At the time, some of the most respected voices in foreign policy and international relations regarded NATO expansion with fear and contempt. George Kennan, author of the “long telegram” and the architect of the policy of “containment,” opposed NATO expansion and later called it “the most fateful error of American policy in the entire post-Cold War era.” He and others believed the move would transform Russia from Western partner into an adversary, and many in the West who are sympathetic to Russia’s self-professed grievances still share this view. Indeed, the Clinton administration and its European partners were sympathetic to Russian concerns. Although NATO declined to sacrifice Central Europe’s sovereignty and security over Russian anxieties, they made several concessions to Moscow — some of which threatened the viability of NATO enlargement as a political project.

At the time, some of the most respected voices in foreign policy and international relations regarded NATO expansion with fear and contempt.

In early 1997, Albright traveled to Moscow to reassure her vocally hostile Russian counterparts that NATO’s eastward drift was not a threat to their security. There, she floated a series of compromises, including provisions that would provide Russia with input on NATO’s deployments and even its strategic maneuvers. The Kremlin wanted those provisions to be legally binding. If Albright had consented to this demand, it’s not clear NATO’s expansion would have happened at all.

That year, NATO and Russia formalized the relations with the establishment to the Permanent Joint Council, which later became the NATO-Russia Council. Its mission was to establish lines of communication over security issues. But the “Founding Act,” as it was called, also involved mutual commitments. Among them, the codification of a 1996 statement affirming that NATO had no plan, intention or need to deploy nuclear weapons or permanent bases housing Western European or North American combat troops to former Warsaw Pact states. Albright even “offered to freeze NATO military forces near Russia's European periphery,” The New York Times reported. She could not offer the Russians what they wanted; a “binding charter” preserving a geopolitical order they could not secure militarily, economically, or politically. But these concessions still unnerved Republicans, who were as apprehensive about the Clinton administration’s intentions as Moscow.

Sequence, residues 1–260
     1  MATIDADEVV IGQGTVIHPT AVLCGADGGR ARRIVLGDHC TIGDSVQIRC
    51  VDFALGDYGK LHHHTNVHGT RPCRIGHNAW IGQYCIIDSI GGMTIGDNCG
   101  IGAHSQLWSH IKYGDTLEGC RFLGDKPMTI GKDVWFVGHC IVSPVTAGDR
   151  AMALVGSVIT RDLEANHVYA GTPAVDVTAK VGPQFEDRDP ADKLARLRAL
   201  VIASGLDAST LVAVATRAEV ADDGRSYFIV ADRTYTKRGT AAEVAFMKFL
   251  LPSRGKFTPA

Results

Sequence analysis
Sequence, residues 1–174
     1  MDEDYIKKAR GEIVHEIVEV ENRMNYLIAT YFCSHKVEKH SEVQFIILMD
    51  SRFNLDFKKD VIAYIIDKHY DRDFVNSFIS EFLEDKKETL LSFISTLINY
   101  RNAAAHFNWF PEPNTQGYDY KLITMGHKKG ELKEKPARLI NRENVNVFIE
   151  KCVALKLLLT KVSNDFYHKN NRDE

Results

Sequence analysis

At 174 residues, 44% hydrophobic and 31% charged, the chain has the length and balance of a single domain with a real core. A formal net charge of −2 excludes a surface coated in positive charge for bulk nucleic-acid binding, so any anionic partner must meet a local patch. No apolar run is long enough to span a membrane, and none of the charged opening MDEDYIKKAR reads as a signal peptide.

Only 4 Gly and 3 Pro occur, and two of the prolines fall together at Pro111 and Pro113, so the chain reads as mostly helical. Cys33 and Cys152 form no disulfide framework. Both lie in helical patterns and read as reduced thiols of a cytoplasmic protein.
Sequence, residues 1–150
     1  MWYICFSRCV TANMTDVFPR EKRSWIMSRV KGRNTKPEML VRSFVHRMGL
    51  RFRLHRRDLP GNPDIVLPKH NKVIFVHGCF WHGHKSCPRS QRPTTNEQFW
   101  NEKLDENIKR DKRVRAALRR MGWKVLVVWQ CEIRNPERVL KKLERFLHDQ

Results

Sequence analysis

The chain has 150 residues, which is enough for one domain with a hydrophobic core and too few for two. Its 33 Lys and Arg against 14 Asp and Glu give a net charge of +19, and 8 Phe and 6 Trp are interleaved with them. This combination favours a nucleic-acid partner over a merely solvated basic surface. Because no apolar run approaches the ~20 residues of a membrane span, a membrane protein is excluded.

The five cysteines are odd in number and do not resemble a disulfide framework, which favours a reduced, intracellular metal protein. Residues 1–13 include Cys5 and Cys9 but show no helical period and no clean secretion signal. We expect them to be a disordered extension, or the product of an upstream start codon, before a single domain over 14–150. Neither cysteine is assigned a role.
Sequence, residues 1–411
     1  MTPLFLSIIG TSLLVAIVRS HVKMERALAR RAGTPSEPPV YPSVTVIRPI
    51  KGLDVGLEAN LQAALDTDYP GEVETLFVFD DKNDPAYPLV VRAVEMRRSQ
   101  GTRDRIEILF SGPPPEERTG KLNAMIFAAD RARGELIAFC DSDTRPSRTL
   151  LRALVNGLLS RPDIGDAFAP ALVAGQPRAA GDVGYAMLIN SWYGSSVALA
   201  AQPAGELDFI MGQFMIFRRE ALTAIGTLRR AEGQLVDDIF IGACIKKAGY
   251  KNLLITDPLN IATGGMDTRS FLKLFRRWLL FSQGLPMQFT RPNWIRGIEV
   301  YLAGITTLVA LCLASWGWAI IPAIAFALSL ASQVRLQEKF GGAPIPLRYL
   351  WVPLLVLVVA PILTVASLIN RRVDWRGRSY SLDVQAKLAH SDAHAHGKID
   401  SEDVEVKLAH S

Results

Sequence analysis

Back home, the Republican Senate majority mistrusted what they saw as Albright’s coddling of the paranoiacs in Moscow. Somehow, the Clinton White House allowed Russia to dictate terms to the United States from a position of weakness. Jesse Helms, chairman of the Senate Foreign Relations Committee, related his “fear that the U.S. overture to Russia may already have gone too far.” They worried that the security agreements the Clinton White House envisioned would give Russia a veto over NATO’s mutual security provisions, or even pave the way for Russia’s NATO ascension — something that some prominent Democrats welcomed. Still other Republicans feared that the White House was sowing the “seeds of strife,” in Sen. John Warner’s words, by admitting some Warsaw Pact states but not others. And most of the majority party in the Senate were deeply concerned that the costs of defending NATO’s new members would be disproportionately borne by U.S. taxpayers.